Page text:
Angelina Jolie opened up about her oldest son's return from college and her many initiatives helping kids through the COVID-19 pandemic

By Alexia Fernandez and Ale Russian
April 01, 2020 10:32 AM
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Angelina Jolie is thinking positively about her older son’s return to study at Yonsei University in Seoul, South Korea once it reopens.

Maddox, 18, recently reunited with his mother and five younger siblings — Pax, 16, Zahara, 15, Shiloh, 13, and twins Knox and Vivienne, 11 — in Los Angeles amid the coronavirus pandemic that has shut down borders and closed down schools and businesses.

The actress, 44, opened up about Maddox’s future plans with DongA Daily, South Korea’s oldest and leading media outlet.

“I could not be happier about Mad’s choice of university. It is, of course, closed at the moment because of the pandemic. But he’s not transferring school, he’ll be back as soon as things settle,” she said.

“We are all so happy, as a family, that we will have the opportunity to get to know South Korea even better through Maddox, and with him, during his studies,” Jolie added.

Last week, PEOPLE confirmed Maddox’s classes had been canceled due to the coronavirus.

Maddox Jolie-Pitt and Angelina Jolie
Alberto E. Rodriguez/Getty

With Maddox back home, and Jolie also homeschooling her five other kids, the activist is concerned about the impact the lack of formal education will have on kids around the world as schools close.

“Being suddenly out of school and cut off from friends is hard for anyone, but in some countries, if a young person’s education is interrupted in this way, they may never be able to go back, because they have to go to work or face other pressures,” Jolie said in the interview. “So there’s an urgent need to help young people to continue their education, through distance learning for example, to ensure they able to get their qualifications and that they get the other kinds of support they need. This is my major focus, and something that I’m working on with UNESCO and a Global Education Coalition.”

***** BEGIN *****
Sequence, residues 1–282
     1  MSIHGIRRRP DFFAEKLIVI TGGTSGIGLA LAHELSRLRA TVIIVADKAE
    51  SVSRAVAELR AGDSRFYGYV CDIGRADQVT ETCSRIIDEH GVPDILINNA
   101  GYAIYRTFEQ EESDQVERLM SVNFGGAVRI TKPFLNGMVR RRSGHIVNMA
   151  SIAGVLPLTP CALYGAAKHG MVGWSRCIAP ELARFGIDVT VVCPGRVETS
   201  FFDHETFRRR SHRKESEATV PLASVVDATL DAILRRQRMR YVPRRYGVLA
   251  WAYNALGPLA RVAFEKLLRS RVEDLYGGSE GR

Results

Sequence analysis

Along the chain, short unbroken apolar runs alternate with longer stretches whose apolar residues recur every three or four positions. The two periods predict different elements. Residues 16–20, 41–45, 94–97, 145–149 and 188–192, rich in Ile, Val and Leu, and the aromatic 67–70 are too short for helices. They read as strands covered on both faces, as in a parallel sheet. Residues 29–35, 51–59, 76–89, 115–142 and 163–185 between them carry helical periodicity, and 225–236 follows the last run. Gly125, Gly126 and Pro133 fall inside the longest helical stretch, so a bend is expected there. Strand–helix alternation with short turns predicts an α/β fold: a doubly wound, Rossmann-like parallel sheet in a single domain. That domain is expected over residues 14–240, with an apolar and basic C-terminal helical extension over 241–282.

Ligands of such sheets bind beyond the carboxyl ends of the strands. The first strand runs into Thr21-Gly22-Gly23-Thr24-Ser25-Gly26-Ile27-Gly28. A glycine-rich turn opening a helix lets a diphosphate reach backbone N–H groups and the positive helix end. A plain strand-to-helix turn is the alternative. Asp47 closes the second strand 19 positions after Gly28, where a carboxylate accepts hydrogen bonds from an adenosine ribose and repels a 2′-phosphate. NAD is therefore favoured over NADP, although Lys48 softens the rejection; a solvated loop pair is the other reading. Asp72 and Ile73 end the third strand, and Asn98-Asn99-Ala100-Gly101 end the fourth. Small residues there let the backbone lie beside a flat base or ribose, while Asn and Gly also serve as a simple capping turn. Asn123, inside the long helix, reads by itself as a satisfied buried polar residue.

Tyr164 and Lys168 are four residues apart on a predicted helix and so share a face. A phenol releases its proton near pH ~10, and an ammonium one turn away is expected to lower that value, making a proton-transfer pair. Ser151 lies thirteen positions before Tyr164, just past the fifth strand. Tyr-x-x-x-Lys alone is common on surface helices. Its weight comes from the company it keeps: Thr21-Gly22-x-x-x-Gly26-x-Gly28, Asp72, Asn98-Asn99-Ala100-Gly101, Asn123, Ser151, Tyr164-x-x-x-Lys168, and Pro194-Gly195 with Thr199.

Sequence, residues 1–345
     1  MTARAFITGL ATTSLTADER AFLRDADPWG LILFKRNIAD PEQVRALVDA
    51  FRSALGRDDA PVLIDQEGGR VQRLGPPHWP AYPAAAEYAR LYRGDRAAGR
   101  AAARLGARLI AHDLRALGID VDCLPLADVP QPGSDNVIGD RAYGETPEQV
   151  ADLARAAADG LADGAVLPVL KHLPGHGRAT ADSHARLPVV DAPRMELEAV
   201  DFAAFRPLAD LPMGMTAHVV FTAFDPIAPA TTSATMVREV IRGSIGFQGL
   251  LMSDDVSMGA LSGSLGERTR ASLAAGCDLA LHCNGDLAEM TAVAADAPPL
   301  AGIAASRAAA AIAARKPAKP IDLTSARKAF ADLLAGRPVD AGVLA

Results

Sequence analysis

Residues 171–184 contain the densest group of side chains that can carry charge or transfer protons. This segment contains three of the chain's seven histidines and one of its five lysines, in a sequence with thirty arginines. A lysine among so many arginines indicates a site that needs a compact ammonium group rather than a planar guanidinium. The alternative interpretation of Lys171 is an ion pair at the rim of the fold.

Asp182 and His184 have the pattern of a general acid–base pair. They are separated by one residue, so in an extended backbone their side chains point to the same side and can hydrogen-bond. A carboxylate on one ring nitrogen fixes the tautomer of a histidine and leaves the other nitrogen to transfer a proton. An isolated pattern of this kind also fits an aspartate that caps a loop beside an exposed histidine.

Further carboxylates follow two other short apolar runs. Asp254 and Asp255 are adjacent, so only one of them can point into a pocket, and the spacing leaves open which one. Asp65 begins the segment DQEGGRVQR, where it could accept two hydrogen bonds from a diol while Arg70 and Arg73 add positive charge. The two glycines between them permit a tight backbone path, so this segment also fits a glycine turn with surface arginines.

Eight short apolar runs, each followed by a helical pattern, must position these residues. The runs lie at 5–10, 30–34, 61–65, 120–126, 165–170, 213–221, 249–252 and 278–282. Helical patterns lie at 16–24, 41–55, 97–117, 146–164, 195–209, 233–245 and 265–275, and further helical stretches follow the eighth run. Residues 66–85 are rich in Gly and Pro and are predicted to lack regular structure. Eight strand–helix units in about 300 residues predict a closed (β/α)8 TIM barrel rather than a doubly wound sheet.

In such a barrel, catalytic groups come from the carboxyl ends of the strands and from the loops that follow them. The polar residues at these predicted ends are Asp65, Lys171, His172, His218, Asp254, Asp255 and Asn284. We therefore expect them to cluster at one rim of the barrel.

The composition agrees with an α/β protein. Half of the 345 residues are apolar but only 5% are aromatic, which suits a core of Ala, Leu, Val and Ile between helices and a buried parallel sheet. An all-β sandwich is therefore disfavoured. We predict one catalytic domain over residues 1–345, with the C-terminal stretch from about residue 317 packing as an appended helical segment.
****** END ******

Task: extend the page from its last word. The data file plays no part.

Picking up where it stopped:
The Oscar winner also pointed out how many kids relied on school to get their only meal of the day, and she recently donated $1 million to No Kid Hungry, an organization distributing meals to children who relied on school lunches in America.

Jolie is focusing further on how to help kids while they’re out of school by adding more educational content for them through her BBC show My World. Jolie serves as executive producer on the children’s news show, which aims to help kids receive truthful information about current events.

“Children have not been out of school on this scale since the Second World War,” Jolie said in a statement announcing more COVID-19 content for the show. “This is something that throughout their lifetimes, they will remember. It is something that older generations, for all their other reference points, have not experienced. The way children go through this time – from the tools and information they can access to the ways they can communicate to and help each other – will be unique to their generation.”

She continued, “We want to help kids to have access to trusted content and tools that will be useful to them during the pandemic: including helping them to seek out fact-based and reliable news, question the information they receive, and learn from each other’s experiences.”

Angelina Jolie
Ernesto S. Ruscio/Getty

Adding to her charity work, Jolie also made a donation to the UN Refugee Agency and sent support to the schools she funds in Afghanistan, Cambodia, Kenya and Namibia to help ensure they can continue teaching and learning through the pandemic.

The actress currently funds 10 schools in Cambodia through the Maddox Jolie Pitt Foundation, set up in the name of her oldest son who she adopted in the Asian country. She also funds the Angelina Jolie school for girls in Kenya and two other schools for girls in Afghanistan.

Jolie has been a special envoy to the UN High Commissioner for Refugees since 2012, meaning she’s acutely aware of the dangers facing refugees in camps around the world and their lack of protection against COVID-19. She told DongA Daily she hopes governments take steps to protect their refugees as well as their citizens.

“The most important thing to understand is that even before the virus, the situation for refugees globally was dire, with chronic shortfalls in basic humanitarian assistance including, for instance, a lack of basic healthcare,” she said. “So while of course it is right that governments are moving quickly to protect their own citizens, it is urgent that we help more vulnerable societies and communities that could be devastated by this disease.”

As information about the coronavirus pandemic rapidly changes, PEOPLE is committed to providing the most recent data in our coverage. Some of the information in this story may have changed after publication. For the latest on COVID-19, readers are encouraged to use online resources from CDC, WHO, and local public health departments. To help provide doctors and nurses on the front lines with life-saving medical resources, donate to Direct Relief here.